Posts Tagged With: sailing

Rock and Roll

Our first few nights on Tomahawk were peaceful, despite some bouncing around out in English Bay. We were a bit wary rowing into shore when the waves picked up, but we found a place to lock our Walker Bay onto the beach and all was well. However, I found myself suffering from an inability to get into anything, even reading, while sitting on the boat.

Jason rigged up a tarp for a sun shelter, but it flapped around at night making a ruckus. So that idea was scrapped. Most people have a proper Sunbrella cockpit shelter to keep the sun off. Bits of rigging make noise at night too, and not just on our own boat. We dubbed a neighbouring craft “Noisy Halyard” due to the pinging noise of the line slapping against the mast all day and night.

We soon discovered that English Bay was making us irritable and exhausted. So we moved into False Creek. The silence and lack of motion were a welcome respite from the effort of the bay. We anchored next to the dock, so it takes us much less time to get to shore. Plus we can sleep at night.

Back on July 1st, for our first night as liveaboards, we slept in the V-berth, a small cabin in the bow of the boat. If it was just me, I could probably sleep fine in there, but the two of us were way too cramped. Jason is also not as short as me and the weird angles made it extra confining. The boat cushions need replacing too. Musty smells added to our discomfort, so they had to go. Since then, we’ve converted the dinette to a berth (bed) and have been okay there. It’s a bit short for Jason and there isn’t much wiggle room for either of us. Luckily we like each other a lot and we have been settling in to a routine.

Last night, we stayed on our friend Jamie’s boat Paramour. We are boat-sitting while he’s away delivering another boat to Mexico (poor guy, hehe). It was much more comfortable, albeit a bit musty and rocky. After watching an amazing fireworks display all up close and personal, we woke up to the sound of glass breaking. But that’s a whole story in itself, maybe for the next post. Also a bit about our brand new engine not working right…

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Categories: Friend's Boat, Life Aboard | Tags: , , , | Leave a comment

Refloating Again

A boat on the beach is always a sad image. Early one Monday morning in June, as I was getting up for work, I saw our friend Jamie had left me a voicemail. He’s a man usually more inclined to use Facebook or texting, so I knew something was amiss.

I feared for Tomahawk.

But to avoid keeping you in suspense, I will say right off that Tomahawk was sitting perfectly safe and sound where we left it. We had recently moved after an uncharacteristically petulant call from the VPD Maritime Unit. They said we were in the swimming area off Kits Beach, but the guy on the phone, allegedly a police officer, didn’t seem to know the anchoring rules or what our permit was for… and he asked if we were using a brick to anchor because we have a spare anchor on our bow… weird.

Anyway, so Jamie’s boat Paramour had landed on the beach exactly where Tomahawk was last fall. I called work to see if I could come in late and they gave me the okay. Jason and I took our shovel down to the beach to dig it out. Jamie’s brother Michael arrived shortly afterward with more shovels and we all madly set to work. As usual, the media came by to make a story our of it and many spectators stopped and chatted. A few people offered to help, all fellow boaters, while the majority simply sipped coffee and stared.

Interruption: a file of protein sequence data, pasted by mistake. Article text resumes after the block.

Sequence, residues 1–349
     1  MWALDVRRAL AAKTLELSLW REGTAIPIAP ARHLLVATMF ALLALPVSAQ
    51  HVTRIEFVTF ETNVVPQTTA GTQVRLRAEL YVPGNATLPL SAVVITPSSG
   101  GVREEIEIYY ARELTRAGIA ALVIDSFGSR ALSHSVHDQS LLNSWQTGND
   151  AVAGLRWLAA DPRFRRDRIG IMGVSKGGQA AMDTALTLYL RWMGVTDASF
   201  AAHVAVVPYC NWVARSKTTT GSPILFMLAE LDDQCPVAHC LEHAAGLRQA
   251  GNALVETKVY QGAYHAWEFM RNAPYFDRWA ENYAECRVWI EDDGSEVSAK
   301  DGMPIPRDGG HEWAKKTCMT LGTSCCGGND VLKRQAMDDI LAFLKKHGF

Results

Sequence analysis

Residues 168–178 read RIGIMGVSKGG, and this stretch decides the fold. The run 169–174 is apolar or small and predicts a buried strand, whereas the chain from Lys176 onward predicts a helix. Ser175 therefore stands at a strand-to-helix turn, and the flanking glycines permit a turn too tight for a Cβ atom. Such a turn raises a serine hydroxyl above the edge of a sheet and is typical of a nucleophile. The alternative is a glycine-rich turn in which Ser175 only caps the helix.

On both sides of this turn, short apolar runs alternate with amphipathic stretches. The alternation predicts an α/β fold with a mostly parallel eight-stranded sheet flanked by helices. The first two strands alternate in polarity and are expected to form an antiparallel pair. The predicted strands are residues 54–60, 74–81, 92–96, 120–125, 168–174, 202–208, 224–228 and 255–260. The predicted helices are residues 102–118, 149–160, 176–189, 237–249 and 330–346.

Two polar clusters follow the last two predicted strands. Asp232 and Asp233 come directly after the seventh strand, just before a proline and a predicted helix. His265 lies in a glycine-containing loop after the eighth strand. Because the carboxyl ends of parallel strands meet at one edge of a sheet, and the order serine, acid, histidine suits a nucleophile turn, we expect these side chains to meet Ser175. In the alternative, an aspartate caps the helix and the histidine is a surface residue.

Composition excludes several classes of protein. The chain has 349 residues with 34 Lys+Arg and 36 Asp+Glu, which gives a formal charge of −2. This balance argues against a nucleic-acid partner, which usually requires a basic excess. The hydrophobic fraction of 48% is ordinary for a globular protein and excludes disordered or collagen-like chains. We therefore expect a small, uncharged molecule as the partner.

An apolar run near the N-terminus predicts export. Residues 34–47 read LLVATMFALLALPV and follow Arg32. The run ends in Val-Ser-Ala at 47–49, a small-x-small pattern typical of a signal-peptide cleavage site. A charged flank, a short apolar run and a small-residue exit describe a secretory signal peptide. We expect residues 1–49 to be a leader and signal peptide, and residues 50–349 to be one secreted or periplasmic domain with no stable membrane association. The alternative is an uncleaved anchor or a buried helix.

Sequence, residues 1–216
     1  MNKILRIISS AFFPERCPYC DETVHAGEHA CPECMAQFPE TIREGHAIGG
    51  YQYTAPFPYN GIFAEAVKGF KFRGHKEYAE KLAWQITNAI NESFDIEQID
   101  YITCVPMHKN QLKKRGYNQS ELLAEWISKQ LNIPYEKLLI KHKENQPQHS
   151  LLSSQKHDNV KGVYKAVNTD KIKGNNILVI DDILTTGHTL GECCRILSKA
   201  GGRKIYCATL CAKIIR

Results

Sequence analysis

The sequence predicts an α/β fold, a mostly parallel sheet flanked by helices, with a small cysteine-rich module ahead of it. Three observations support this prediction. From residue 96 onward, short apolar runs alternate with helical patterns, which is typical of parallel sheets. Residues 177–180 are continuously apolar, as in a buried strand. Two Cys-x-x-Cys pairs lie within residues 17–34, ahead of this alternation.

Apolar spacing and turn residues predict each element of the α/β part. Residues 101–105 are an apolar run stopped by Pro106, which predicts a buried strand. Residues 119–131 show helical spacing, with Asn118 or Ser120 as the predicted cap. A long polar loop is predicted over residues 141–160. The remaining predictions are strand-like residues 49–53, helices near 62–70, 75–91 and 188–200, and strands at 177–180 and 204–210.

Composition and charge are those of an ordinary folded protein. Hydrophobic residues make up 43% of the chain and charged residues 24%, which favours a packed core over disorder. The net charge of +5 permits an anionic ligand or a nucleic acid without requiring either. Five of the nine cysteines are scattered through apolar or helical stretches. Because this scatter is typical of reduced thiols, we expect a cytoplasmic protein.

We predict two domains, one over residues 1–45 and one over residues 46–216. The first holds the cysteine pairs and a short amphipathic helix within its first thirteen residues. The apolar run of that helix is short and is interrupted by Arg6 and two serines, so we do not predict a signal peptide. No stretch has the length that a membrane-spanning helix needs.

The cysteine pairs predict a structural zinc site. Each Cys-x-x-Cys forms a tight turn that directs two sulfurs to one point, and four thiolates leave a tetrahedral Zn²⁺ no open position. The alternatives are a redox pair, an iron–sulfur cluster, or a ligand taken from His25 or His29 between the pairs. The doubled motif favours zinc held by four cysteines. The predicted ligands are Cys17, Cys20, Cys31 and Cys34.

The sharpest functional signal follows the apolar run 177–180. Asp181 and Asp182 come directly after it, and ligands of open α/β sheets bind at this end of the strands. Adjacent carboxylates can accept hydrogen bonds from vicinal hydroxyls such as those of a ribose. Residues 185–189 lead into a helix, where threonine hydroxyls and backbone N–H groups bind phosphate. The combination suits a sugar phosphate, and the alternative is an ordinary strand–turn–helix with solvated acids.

It turned out his anchor hooked into a tire on the bottom of English Bay, leaving the boat free to drag. With so much trash around here, it seems like it was bound to happen eventually. Knowing how easily that can happen is a good motivator for setting your anchor properly (pulling back on it with your motor in reverse) every time.

I had to go to work, but Jason and the others managed to kedge off. Jamie and a couple of others put out three anchors to pull Paramour out at high tide.

Another successful refloating!

Categories: Anchoring, Friend's Boat, Misadventures, Troubleshooting | Tags: , , , , , | Leave a comment

Liveaboards

We have been living on Tomahawk for a week now (which is a good excuse for the lack of posting). There are still a lot of things to do to get settled in, so we are busy: buying propane, hooking up a battery/electrical system, scraping and painting the bottom, cleaning inside and out, organizing our stuff into bins and compartments, etc. Lots of ups and downs, sometimes literally, especially on windy days!

Soon I will post further updates about our various adventures before and after moving on board, such as refloating our friend Jamie’s boat Paramour and fitting everything into storage. Also, yesterday we were sort of trapped on the boat because our dinghy is hard to get into on a choppy bay. Today we plan to remedy this by buying a fender step to hang over Tomahawk’s side.

If all goes well, I’ll be updating a bit more frequently again in the near future!

Fender Step

Our new fender will look something like this

Categories: Cleaning, Electricity, Getting Started, Life Aboard, Practical Stuff, Supplies | Tags: , , , | Leave a comment

Warming Up

It finally feels like spring today. I know, I know. People in the rest of Canada and many parts of the US, Asia, and Europe will be thinking, “Finally? It’s only mid-February!” But to us spoiled people here in Vancouver, this month marks the beginning of the end.

The days are getting longer too, which gives me a fuzzy feeling and an itch to get working on the boat.

However, I realized today that we have everything we need to actually sail Tomahawk. The sails are beat up, but seem workable. The hull is solid, albeit due for a cleaning and a fresh coat of bottom paint. The rudder responds well to the tiller. Our biggest concern is the engine. I’m starting to understand why so many boaters are fans of diesel over gasoline. And electric starters, rather than pulling the cord, which I suck at.

We also need to take our engine out of the too-small engine compartment and mount it on the transom. This will be one of our first priorities. Of course, if the engine won’t start properly, we may need to shell out the cash for a new one, which will hurt a lot.